At the time of its release, The Town that Dreaded Sundown was boosted by a dark and creepy ad campaign, complete with screaming teens, shotgun blasts, ominous narration, and flashes of a man wearing a pillow case over his head. The TV spot made it THE film everyone was too scared to see, but absolutely HAD to see. That lasted about a week. Then we all kinda forgot about it. With director Alfonso Gomez-Rejon’s updated reboot set for release later this year, the original AIP drive-in almost-classic is finally starting to get the attention it may or may not deserve.
Back in the mid-70s, a string of gritty Southern-fried horror films and grim action dramas, from Macon County Line to Poor Pretty Eddie to the Walking Tall series, found huge success at American drive-ins. Much of that success was fueled in no small part by the irresistible tagline, “Based on a True Story,” a claim touted by most of them. Most of them were not, in fact, based on true stories, but tell Northern audiences any crazy shit you like about some nasty goings on in the South and by golly they’ll believe it. Same holds true for Southern audiences.
One of the things that makes drive-in auteur Charles B. Pierce’s The Town That Dreaded Sundown standout was that it actually was based on a true story. Over a three-month period in the spring of 1946, a hooded killer murdered five people in Texarkana, Arkansas, and seriously wounded another half-dozen. The Texarkana Moonlight Murders, as they were known, made national news at the time and led to an unprecedented manhunt, but the killer was never caught. And there, essentially, is the plot of the movie.
Pierce, who’d had a huge hit a couple years earlier with his Texas-based pseudo Bigfoot docudrama The Legend of Boggy Creek, decided to approach the material here in much the same way. In order to give the picture a sense of authenticity,he filmed on location in Arkansas, hired mostly non-professional actors (with the exception of Ben Johnson, Andrew Prine, and Gilligan’s Island’s Dawn Wells), and used a narrator throughout to lay down the cold facts and set the scene. To this end the film opens with a kind of newsreel, in which we learn what life in Texarkana was like in the months following the end of WWII (in a nutshell, “good”).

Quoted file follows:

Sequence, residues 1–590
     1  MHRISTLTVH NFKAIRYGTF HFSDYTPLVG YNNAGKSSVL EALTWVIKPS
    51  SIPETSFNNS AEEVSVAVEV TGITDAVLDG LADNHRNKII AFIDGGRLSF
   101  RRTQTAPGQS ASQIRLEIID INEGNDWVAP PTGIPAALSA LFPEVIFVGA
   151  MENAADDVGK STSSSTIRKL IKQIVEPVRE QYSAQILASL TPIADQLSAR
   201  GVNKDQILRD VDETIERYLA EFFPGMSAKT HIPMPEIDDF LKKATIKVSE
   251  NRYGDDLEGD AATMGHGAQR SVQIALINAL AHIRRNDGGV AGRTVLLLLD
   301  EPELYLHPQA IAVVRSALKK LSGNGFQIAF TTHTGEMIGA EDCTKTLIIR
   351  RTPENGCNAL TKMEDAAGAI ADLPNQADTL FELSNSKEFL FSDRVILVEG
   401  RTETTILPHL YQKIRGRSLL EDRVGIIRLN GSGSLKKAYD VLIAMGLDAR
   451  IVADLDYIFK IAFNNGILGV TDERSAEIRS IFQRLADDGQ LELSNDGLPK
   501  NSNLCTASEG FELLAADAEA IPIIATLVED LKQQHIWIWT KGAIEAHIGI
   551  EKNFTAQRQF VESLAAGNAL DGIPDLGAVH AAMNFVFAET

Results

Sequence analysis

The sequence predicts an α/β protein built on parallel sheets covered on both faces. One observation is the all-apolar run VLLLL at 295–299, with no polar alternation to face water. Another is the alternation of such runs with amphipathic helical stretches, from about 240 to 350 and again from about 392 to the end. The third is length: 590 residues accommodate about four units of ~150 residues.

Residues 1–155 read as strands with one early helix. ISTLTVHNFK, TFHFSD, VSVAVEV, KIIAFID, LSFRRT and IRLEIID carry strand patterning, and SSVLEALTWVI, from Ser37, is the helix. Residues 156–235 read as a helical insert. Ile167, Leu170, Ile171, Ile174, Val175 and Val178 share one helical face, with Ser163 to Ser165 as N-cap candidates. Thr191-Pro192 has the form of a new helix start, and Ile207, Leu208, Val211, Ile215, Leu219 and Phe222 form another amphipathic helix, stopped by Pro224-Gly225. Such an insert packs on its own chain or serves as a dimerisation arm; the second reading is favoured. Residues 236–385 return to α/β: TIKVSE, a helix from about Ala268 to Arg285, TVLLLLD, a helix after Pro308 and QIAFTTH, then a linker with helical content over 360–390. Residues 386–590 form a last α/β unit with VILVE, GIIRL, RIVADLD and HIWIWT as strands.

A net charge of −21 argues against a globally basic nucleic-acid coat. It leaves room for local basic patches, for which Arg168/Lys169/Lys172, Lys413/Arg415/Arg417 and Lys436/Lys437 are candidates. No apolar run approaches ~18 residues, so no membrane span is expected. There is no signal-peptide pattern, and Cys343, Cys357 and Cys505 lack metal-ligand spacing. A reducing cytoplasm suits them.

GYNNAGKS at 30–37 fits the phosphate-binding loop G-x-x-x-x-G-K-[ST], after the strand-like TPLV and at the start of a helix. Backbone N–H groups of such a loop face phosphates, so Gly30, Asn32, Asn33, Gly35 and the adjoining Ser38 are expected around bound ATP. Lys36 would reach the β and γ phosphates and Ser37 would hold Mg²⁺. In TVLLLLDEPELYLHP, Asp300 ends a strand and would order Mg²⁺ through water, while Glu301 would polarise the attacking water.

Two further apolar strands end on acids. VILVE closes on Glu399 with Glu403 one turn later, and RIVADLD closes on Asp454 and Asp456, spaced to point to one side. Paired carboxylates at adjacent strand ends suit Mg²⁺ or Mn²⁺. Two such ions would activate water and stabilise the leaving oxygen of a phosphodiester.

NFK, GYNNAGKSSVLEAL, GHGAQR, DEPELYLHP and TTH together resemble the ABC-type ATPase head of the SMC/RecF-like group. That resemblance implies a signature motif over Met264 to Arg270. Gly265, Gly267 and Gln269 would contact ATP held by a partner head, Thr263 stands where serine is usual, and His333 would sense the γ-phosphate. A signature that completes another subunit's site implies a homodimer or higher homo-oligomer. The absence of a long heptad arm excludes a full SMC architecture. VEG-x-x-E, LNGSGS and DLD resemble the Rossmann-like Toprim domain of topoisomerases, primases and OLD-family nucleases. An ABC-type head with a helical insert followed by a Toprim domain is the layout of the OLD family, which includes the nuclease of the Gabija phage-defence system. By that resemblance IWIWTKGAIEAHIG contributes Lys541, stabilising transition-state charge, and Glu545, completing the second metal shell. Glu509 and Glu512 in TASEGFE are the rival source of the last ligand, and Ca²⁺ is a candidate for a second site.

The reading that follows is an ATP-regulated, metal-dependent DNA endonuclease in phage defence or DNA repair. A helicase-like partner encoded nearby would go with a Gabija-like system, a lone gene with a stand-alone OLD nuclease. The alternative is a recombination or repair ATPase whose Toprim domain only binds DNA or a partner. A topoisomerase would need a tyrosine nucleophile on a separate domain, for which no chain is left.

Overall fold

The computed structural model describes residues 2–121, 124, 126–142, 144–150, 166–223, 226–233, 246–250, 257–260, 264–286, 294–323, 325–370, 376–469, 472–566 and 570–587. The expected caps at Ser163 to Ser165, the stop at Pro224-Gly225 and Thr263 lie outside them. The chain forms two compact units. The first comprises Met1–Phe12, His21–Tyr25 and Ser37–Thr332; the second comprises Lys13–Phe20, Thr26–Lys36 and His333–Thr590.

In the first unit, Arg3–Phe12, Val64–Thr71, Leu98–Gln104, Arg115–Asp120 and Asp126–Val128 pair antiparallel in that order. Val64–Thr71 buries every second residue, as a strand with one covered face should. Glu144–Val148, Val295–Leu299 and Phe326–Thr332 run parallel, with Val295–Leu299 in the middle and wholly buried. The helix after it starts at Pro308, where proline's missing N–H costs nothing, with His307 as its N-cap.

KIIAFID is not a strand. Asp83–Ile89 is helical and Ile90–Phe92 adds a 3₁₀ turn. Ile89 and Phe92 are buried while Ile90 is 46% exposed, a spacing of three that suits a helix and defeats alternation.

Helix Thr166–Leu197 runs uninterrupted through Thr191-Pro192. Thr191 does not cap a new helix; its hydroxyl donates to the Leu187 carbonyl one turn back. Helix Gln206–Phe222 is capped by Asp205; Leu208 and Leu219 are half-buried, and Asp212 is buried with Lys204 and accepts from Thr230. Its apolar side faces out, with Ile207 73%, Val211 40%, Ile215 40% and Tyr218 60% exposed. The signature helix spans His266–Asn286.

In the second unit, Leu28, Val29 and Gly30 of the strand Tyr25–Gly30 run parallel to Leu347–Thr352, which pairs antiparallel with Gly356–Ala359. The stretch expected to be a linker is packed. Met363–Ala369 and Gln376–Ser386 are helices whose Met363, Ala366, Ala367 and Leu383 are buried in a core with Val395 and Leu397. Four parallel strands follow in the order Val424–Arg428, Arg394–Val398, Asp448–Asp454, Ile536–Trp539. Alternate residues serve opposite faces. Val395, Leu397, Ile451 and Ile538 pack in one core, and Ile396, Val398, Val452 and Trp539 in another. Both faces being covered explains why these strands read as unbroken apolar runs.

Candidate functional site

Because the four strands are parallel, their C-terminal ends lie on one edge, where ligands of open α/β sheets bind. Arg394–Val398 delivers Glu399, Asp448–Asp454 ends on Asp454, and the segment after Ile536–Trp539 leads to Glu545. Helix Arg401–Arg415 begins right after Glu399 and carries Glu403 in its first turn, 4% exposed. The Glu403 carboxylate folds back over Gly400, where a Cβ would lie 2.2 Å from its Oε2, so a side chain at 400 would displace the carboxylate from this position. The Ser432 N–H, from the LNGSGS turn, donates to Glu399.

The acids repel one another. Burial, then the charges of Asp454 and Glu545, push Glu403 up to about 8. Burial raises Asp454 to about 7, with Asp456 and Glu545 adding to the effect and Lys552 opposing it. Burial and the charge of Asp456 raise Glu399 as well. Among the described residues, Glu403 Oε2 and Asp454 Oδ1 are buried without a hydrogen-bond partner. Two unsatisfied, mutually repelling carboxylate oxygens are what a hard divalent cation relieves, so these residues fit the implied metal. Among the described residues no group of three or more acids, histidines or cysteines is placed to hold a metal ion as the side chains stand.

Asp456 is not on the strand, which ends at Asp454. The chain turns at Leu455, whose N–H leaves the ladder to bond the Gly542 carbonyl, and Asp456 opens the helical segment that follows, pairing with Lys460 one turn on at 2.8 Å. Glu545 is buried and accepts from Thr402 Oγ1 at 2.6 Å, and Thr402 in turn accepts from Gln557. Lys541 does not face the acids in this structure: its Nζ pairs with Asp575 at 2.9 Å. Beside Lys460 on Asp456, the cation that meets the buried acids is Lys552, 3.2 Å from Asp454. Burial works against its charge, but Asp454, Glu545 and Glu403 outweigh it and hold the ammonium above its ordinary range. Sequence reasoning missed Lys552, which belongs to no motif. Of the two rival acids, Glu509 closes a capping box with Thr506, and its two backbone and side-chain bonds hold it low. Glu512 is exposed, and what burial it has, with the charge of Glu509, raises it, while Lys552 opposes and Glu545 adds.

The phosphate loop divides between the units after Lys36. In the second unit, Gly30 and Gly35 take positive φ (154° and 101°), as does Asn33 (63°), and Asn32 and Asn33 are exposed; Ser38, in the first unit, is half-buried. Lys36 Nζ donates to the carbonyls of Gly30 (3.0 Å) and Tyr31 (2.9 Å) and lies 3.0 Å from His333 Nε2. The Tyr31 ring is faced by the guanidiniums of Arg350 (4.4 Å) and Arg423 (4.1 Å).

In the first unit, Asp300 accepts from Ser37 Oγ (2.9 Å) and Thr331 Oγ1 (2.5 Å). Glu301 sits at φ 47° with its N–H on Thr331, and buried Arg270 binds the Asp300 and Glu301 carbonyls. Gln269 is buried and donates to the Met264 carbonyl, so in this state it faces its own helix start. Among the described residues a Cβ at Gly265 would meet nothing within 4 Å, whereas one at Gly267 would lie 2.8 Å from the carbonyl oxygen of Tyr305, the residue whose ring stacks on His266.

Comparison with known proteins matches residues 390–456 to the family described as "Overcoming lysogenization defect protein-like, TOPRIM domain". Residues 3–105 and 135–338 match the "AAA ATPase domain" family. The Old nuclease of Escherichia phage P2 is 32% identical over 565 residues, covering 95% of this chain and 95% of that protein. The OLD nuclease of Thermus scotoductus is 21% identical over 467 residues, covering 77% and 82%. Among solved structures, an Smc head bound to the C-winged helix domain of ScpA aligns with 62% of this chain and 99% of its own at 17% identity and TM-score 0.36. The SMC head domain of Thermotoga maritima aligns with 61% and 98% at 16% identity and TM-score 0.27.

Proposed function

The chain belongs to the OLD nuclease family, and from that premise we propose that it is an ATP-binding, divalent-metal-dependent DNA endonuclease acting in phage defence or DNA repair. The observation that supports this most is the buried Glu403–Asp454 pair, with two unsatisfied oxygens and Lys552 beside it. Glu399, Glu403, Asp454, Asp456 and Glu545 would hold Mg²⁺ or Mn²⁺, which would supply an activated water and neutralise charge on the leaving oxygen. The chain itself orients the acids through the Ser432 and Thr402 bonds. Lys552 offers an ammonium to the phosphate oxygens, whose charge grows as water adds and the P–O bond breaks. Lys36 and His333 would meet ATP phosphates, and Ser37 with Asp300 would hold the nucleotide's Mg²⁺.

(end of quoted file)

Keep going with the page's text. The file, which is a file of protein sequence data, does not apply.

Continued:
Then things get ugly. “The events you are about to see actually happened,” the narrator assures us. Then in standard ass-coverage form he adds, “Only the names have been changed.”
In what was already a dried up horror film cliche by this point, a young couple is parked on a deserted Lover’s Lane when a large man with a pillowcase over his head shambles out of the woods and attacks them. He beats the boy senseless with a rock (make what you will of the fact that the boy’s name is “Samuel Fuller”), and though he does not rape the girl, he does chew her up pretty good. Yup, just kinda gnaws on her for awhile.
Exactly three weeks later on another secluded Lover’s Lane, the guy in the hood (whom I’m still convinced was the Elephant Man) decides to make things easier on himself by simply shooting the parked couple with a shotgun. In the meantime we’re introduced to the Texarkana Sherrif’s Dept., a genial, laid-back lot of good ol’ boys whose daily routine mostly involves dealing with assorted zany high-spirited locals, and so don’t know what in tarnation to make of all this “hooded killer” business. While using non-professional actors was and remains standard for low-budget docudramas, watching this today, it starts to feel at times like an extended special episode of America’s Most Wanted.